On a daily basis, Doug Wiggins aims to express his true self.
At first glance, it’s through the tattoos that adorn his body.
If one looks closer, Wiggins’ personality is shown in true form through the clothes he wears.
Often second-hand or recycled, the clothing adds to his dynamic.
It’s no wonder that Wiggins’ profile in the fashion industry is rising – and he’s doing it all out of his Albuquerque home.
“I’ve done it all through social media,” Wiggins says. “When I first moved to Albuquerque, I met up with a group of people who were a collective. They started letting me do shows with them. I started doing pop-up events and getting my name out there.”
Wiggins focuses on recycled fashion and will add his flair with screen printing on the fabric.
“The fashion industry is like the No. 3 contributor to all of the world’s wastes,” he says. “Nowadays, fast fashion is crazy. I hate it. I think taking a step back and realizing what you are wearing and how it was made is important. I try to keep my waste lower by reusing items and creating something new.”
He’s done so well that his aesthetic caught the eye of Billie Eilish, who purchased items for her world tour.
“I think that the fact that being able to get big artists like Billie Eilish, for example, to be wearing a used shirt that I made her, it shows other people that it’s cool, not only cool to wear this stuff, but you can do it too,” he says. “I get a lot of haters online saying that they could make those clothes too. I always post, ‘Yes, you can do it too.’ That’s the point. You don’t have to get brand new materials or buy brand new things in order to have a sense of style or be able to express yourself.”
Wiggins is no stranger to art. As a fourth generation artist, he is the son of Roswell-based artist Kim Douglas Wiggins, and grew up with art all around him. His sister Rebekah Wiggins is an actor/producer/director in the film industry.
In 2017, he took a break from school at the University of New Mexico and moved up to Colorado to work on a farm.
Eighty hours a week started to wear on him after two years.
“That made me decide that I wanted to pursue something that I had a passion for,” he says. “I realized that the way I dress and my clothing was the way that I expressed myself. Having to wear a uniform every day made me realized that art and fashion is something I wanted to pursue.”
With money in his pocket to pay for school again, he transferred to New Mexico State University in Las Cruces.
“UNM didn’t have a fashion program,” he says with a smile. “I got my degree in fashion.”
In 2019, he began his business, simply called, Done by Doug.
Wiggins worked on creating fashion every day since opening the fashion line.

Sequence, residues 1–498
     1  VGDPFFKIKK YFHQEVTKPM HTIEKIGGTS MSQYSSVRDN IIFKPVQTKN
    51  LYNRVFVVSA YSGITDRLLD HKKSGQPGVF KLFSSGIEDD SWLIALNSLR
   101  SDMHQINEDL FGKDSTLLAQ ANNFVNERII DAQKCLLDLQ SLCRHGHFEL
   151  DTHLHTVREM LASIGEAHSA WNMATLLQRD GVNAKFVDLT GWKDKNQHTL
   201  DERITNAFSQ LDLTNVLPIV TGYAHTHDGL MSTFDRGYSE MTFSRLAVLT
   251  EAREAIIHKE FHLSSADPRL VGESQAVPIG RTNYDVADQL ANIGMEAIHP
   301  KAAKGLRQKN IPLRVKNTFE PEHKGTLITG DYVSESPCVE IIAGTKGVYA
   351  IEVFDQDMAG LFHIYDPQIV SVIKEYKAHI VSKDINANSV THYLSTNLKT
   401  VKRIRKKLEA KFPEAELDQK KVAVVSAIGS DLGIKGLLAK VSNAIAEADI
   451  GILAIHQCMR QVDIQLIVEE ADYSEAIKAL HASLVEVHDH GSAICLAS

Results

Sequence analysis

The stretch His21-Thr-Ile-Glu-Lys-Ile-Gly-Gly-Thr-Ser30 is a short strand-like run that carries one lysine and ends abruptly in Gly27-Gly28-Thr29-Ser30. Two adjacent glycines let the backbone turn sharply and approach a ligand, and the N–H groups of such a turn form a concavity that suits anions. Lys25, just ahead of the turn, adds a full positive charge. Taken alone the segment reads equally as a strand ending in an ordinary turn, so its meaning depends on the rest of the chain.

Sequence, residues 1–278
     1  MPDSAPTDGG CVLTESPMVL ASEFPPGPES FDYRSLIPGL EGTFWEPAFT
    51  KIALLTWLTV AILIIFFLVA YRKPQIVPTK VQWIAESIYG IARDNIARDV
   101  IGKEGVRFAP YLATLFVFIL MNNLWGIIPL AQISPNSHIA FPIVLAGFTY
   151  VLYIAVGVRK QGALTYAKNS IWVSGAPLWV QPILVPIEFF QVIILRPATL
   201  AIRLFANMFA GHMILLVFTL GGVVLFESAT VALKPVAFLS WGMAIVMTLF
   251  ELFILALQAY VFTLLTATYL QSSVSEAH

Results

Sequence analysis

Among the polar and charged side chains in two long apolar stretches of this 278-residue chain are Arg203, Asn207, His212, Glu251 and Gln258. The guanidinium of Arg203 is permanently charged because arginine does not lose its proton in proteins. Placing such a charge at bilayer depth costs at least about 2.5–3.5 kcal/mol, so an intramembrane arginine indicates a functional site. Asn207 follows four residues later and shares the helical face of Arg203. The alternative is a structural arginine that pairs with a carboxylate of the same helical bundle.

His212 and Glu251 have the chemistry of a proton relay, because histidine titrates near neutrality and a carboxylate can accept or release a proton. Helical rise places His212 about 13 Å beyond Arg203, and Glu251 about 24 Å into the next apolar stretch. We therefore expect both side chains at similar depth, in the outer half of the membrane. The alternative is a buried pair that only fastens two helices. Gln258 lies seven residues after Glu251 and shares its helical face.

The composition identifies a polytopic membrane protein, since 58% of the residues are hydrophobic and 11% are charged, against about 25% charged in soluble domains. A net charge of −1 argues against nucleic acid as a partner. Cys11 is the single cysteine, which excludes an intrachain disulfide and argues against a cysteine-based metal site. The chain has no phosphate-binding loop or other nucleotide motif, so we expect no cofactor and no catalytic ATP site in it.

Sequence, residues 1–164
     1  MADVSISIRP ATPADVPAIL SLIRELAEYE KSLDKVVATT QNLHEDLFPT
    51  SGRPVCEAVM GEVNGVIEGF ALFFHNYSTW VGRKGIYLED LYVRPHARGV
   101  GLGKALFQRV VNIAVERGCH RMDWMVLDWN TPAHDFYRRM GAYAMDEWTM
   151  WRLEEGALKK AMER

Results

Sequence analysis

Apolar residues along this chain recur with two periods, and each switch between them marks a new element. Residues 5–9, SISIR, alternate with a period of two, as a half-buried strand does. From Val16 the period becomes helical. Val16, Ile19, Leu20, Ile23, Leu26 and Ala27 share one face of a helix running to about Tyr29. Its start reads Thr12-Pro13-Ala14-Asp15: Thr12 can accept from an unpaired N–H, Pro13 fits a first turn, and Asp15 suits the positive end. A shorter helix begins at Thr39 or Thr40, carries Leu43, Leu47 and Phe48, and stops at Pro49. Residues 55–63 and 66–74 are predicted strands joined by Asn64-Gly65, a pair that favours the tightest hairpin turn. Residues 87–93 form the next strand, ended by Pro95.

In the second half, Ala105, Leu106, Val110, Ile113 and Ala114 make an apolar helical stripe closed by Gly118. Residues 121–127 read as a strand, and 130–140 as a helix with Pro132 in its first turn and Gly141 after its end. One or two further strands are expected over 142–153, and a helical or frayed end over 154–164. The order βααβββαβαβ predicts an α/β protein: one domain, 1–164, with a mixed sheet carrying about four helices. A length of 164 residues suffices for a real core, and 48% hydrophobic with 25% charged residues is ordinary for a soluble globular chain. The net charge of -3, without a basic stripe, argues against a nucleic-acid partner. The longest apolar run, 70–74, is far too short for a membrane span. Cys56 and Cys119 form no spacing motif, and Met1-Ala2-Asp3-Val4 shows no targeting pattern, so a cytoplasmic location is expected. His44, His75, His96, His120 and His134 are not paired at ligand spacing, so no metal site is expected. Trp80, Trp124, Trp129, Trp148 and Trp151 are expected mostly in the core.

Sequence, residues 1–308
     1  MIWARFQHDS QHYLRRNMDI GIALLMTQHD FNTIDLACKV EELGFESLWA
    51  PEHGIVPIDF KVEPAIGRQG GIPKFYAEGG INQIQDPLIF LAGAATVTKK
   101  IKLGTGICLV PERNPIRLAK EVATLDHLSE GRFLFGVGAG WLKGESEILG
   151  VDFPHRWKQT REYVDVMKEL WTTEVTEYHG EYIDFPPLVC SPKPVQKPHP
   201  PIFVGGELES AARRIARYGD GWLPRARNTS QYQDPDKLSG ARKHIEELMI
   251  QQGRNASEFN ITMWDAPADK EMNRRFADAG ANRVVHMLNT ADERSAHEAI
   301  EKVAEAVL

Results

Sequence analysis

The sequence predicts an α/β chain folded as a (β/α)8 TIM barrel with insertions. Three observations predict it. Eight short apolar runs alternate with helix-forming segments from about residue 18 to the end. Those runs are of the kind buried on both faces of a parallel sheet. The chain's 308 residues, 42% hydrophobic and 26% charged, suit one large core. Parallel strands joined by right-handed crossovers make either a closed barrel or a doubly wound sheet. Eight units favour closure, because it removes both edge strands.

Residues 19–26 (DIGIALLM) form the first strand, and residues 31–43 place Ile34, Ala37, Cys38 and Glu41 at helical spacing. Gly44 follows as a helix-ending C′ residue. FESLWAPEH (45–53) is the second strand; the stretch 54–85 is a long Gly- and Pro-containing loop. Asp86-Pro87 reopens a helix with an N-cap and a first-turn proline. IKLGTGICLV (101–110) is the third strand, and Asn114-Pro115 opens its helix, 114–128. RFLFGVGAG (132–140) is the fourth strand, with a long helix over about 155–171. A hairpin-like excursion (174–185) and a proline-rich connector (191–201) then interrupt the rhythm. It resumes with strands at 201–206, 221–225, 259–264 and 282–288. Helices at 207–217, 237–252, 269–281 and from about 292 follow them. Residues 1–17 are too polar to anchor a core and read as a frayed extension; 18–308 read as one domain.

Within the last six months, he’s seen a huge spike in his popularity on social media.
“I think the fact that you can make a statement with fashion, it’s art that allows you to express and convey a message to people who necessarily didn’t go outside to be told something,” he says. “They get to experience something that they might not have been able to experience.”
Through fashion, Wiggins is also able to spark conversations.
“I think fashion in general is a way to get people to have an opinion about something, even if the subject matter doesn’t appeal to them,” he says. “My work often lives in the area of speaking out against acts of violence or the social injustices in our society. It’s important to make a social commentary on that and get people talking, regardless if they like my work or not. It’s meant to be a conduit.”
As his work is becoming more visible, Wiggins is taking it all in stride and remains humble, because starting a fashion line was just a dream a handful of years ago.
“Being able to connect with people is so amazing,” he says. “At first, I was making clothes and selling them in the hopes that people would like them and want to wear them. Now it’s like, people have a connection to them and me. I’ve been able to build a personal connection with those who pay attention to what I do. Within those comments, I get a lot of encouragement. Bigger artists are hitting me up and stuff, but it’s comments from people who have a connection to the clothes that impacts me. This all brings me a sense of joy.”
Through his work, Wiggins also makes time to give back to the community.
He works with groups to host pop-up shows and canned food drives.
“I find the time to help make these things happen,” he says. “It’s important to keep creating that community and pushing it forward. I want to inspire people. I’m from a small town and pushing to do my own thing. It’s amazing to see the trajectory so far.”